“The work being conducted to make I-44 a reality is groundbreaking. Collaboration between all the counties from Nash to Currituck; working with Virginia DOT and our elected representatives in Washington, D.C., I believe is a first of its kind in North Carolina. I am excited about the future for Northeastern North Carolina and I am proud to be a part of this initiative,” said Theresa Pinto, President of the Rocky Mount Area Chamber of Commerce.

Joe Milazzo II, a professional engineer and Executive Director of the Regional Transportation Alliance business leadership group from Raleigh also attended the meeting.

“A future Interstate designation between Raleigh and Hampton Roads will provide an economic lifeline for northeastern North Carolina by linking urban, suburban, and rural job centers and communities together while providing several counties their first direct access to the Interstate system.”

In addition to a strong delegation of support from eastern NC, southeast Virginia partners are working to help bring the designation to reality.

“The Port of Virginia supports the U.S. Route 17 improvements and I-44 designation. This interstate would provide companies located in North Carolina a direct interstate connection to Hampton Roads and The Port of Virginia. It would also provide the opportunity for future economic development growth along this corridor,” said Laura Godbolt, Economic Development Manager and Foreign Trade Zone Administrator, Virginia Port Authority.

Vann Rogerson, Senior Vice President of the NCEast Alliance, worked with several other individuals to organize the meeting.

“This is a strategic request for support from DOT for a corridor that traverses Tier 1 counties from I-95 all the way to the 37th largest MSA in the USA, Hampton Roads, Virginia,” said Rogerson.

The NCEast Alliance is a regional, public/private, not-for-profit, economic development corporation serving 26 counties with approximately 1.2 million residents within several small metropolitan and micropolitan areas in eastern North Carolina from the fringe of the Research Triangle to the Atlantic Coast.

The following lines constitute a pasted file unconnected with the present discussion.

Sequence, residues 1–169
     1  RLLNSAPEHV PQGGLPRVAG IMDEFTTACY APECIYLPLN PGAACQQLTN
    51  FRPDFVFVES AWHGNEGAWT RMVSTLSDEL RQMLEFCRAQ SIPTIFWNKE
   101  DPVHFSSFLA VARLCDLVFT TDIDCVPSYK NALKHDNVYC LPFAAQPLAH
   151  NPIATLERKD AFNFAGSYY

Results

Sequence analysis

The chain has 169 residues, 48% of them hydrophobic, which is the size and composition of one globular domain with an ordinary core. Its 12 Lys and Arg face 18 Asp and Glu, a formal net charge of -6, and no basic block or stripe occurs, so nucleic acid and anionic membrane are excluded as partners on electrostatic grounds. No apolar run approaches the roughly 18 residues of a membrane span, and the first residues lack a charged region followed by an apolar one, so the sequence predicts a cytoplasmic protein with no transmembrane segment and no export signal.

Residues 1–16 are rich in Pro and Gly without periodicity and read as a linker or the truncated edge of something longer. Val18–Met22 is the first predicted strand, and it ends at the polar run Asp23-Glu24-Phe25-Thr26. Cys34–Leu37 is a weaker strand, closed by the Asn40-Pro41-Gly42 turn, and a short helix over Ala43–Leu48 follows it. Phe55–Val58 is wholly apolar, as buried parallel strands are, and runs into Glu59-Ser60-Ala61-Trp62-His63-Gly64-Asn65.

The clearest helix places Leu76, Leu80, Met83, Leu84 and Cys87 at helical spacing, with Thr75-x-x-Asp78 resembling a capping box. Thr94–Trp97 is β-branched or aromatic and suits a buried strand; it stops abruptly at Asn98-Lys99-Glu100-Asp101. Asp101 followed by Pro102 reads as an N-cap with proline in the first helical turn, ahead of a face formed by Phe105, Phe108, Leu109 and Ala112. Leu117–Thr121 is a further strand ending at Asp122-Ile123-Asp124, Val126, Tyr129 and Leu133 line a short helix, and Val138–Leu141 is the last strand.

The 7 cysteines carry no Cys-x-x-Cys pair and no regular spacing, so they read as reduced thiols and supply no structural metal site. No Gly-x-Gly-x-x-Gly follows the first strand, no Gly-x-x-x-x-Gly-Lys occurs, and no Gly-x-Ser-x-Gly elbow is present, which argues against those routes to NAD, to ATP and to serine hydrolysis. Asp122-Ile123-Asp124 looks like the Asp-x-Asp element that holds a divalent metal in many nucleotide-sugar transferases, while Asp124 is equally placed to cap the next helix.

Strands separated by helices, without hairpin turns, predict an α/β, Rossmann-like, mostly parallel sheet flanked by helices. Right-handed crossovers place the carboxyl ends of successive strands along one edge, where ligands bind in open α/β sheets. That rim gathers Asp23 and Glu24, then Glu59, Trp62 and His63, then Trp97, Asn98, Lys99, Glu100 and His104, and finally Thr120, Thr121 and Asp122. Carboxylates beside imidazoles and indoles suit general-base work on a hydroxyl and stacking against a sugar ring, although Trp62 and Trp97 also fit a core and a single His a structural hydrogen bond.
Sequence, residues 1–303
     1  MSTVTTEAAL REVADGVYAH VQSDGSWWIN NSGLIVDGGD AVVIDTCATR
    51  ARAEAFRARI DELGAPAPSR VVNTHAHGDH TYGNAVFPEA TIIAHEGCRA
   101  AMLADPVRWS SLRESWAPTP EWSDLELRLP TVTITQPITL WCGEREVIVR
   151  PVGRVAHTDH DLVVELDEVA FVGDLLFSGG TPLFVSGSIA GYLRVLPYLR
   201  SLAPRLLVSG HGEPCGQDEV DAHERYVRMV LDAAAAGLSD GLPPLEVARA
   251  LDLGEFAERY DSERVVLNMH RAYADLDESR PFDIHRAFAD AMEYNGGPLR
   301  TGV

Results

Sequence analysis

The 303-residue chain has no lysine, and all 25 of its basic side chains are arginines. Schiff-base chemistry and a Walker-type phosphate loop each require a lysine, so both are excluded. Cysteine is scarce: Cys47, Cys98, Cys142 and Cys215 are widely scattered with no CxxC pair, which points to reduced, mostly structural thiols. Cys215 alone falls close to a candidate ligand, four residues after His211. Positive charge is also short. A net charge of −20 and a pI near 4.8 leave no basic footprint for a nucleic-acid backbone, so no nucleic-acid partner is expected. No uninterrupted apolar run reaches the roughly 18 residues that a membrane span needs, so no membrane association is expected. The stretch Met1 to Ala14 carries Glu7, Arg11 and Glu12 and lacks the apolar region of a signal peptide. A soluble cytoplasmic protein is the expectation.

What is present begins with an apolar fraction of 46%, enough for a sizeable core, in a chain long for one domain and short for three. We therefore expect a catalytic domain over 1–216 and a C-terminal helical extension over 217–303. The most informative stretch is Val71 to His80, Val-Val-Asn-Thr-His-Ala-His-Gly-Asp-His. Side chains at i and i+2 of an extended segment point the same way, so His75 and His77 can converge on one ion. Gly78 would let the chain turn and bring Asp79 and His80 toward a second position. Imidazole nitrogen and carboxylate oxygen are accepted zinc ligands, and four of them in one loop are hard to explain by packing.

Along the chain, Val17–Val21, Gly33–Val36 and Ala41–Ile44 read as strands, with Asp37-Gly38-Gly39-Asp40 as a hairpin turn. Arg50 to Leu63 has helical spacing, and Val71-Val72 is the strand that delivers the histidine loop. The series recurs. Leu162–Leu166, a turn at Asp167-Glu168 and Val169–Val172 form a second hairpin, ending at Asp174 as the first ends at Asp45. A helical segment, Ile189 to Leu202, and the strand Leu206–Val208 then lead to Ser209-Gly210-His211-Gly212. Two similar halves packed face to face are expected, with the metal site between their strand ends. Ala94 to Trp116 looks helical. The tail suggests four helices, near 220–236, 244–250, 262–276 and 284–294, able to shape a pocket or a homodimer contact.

The Alliance provides community capacity building, marketing/lead generation, and assists companies with site location and expansion evaluations.

Loss of steering disables ferry with passengers on board

Eyewitness account at odds with official version

This file photo shows the state ferry vessel known as the Silver Lake, which experienced a loss of all steering during a late Saturday afternoon trip from Ocracoke to Cedar Island.

This file photo shows the state ferry vessel known as the Silver Lake, which experienced a loss of all steering during a late Saturday afternoon trip from Ocracoke to Cedar Island.

OCRACOKE – A press release issued by the North Carolina Ferry System suggests that a steering problem Saturday afternoon with the vessel Silver Lake was handled smoothly and efficiently.

However, real-time phone calls received by this newspaper from passengers on board the vessel paint a much different story. Here is the ferry system’s verbatim press release, as posted on the Department of Transportation website:

The North Carolina Department of Transportation’s Ferry M/V Silver Lake returned to Ocracoke Sunday under tow after losing steering power and running soft-aground Saturday night. The incident happened about one mile south of Ocracoke as the Silver Lake was making its last run of the day to Cedar Island. The captain of the Silver Lake contacted the U.S. Coast Guard, which sent a boat from its Hatteras Station to bring the ferry’s 14 passengers back to Ocracoke.

Mechanics and the crew remained on board the Silver Lake to perform repairs and wait for the arrival of the tugboat Royal Engineer. The passengers, crew and ship were never in any danger at any time.

Upon the arrival of the tug, the Silver Lake was towed back to Ocracoke, where the seven vehicles were unloaded and claimed by their owners. On Monday, the Royal Engineer was expected to tow the Silver Lake to the State Shipyard to be repaired and inspected before returning to service.